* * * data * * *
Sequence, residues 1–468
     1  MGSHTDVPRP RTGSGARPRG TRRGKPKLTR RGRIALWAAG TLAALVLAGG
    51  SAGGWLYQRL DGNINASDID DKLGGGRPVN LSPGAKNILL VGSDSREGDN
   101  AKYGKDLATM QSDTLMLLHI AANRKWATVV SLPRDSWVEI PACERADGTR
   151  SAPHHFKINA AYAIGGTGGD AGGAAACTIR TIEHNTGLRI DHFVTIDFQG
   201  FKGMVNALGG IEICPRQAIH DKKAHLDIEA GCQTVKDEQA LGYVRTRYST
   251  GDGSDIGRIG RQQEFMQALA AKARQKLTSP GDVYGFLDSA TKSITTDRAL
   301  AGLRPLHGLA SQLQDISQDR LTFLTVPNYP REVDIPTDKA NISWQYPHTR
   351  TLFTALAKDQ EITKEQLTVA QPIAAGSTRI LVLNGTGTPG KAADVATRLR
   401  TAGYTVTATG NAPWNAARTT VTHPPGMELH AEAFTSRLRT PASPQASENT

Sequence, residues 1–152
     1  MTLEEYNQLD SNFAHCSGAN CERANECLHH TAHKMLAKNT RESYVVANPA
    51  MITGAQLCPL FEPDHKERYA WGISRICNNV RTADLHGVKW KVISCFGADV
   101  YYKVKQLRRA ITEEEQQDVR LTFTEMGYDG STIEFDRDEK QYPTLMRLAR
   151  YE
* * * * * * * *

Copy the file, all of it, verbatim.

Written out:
Sequence, residues 1–468
     1  MGSHTDVPRP RTGSGARPRG TRRGKPKLTR RGRIALWAAG TLAALVLAGG
    51  SAGGWLYQRL DGNINASDID DKLGGGRPVN LSPGAKNILL VGSDSREGDN
   101  AKYGKDLATM QSDTLMLLHI AANRKWATVV SLPRDSWVEI PACERADGTR
   151  SAPHHFKINA AYAIGGTGGD AGGAAACTIR TIEHNTGLRI DHFVTIDFQG
   201  FKGMVNALGG IEICPRQAIH DKKAHLDIEA GCQTVKDEQA LGYVRTRYST
   251  GDGSDIGRIG RQQEFMQALA AKARQKLTSP GDVYGFLDSA TKSITTDRAL
   301  AGLRPLHGLA SQLQDISQDR LTFLTVPNYP REVDIPTDKA NISWQYPHTR
   351  TLFTALAKDQ EITKEQLTVA QPIAAGSTRI LVLNGTGTPG KAADVATRLR
   401  TAGYTVTATG NAPWNAARTT VTHPPGMELH AEAFTSRLRT PASPQASENT

Sequence, residues 1–152
     1  MTLEEYNQLD SNFAHCSGAN CERANECLHH TAHKMLAKNT RESYVVANPA
    51  MITGAQLCPL FEPDHKERYA WGISRICNNV RTADLHGVKW KVISCFGADV
   101  YYKVKQLRRA ITEEEQQDVR LTFTEMGYDG STIEFDRDEK QYPTLMRLAR
   151  YE